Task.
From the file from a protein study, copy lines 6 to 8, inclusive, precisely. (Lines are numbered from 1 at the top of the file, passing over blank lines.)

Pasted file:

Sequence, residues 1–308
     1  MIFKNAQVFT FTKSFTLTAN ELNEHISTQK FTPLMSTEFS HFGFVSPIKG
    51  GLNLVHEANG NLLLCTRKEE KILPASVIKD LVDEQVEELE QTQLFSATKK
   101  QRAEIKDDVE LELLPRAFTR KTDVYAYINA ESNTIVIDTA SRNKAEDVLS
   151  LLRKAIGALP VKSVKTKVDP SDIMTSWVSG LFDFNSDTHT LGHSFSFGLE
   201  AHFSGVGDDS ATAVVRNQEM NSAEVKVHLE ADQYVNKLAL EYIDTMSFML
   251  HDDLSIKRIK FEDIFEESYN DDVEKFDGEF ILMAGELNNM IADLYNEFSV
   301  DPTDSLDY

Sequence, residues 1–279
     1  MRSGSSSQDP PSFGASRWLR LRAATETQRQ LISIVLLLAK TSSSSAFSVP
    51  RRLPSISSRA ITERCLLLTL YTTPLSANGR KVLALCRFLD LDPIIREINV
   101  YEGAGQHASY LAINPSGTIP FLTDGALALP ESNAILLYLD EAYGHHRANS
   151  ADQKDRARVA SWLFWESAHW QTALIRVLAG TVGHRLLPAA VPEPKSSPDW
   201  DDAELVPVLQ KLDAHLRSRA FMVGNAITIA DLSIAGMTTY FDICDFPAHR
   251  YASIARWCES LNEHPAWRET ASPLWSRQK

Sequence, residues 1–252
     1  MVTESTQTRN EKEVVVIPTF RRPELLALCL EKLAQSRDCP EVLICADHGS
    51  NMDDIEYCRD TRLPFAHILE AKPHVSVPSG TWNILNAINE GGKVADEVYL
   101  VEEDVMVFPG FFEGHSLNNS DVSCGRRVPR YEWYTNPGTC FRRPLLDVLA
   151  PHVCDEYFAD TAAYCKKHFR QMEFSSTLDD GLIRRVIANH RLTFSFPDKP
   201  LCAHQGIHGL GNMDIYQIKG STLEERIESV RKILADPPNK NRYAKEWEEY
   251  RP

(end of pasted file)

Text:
   201  AHFSGVGDDS ATAVVRNQEM NSAEVKVHLE ADQYVNKLAL EYIDTMSFML
   251  HDDLSIKRIK FEDIFEESYN DDVEKFDGEF ILMAGELNNM IADLYNEFSV
   301  DPTDSLDY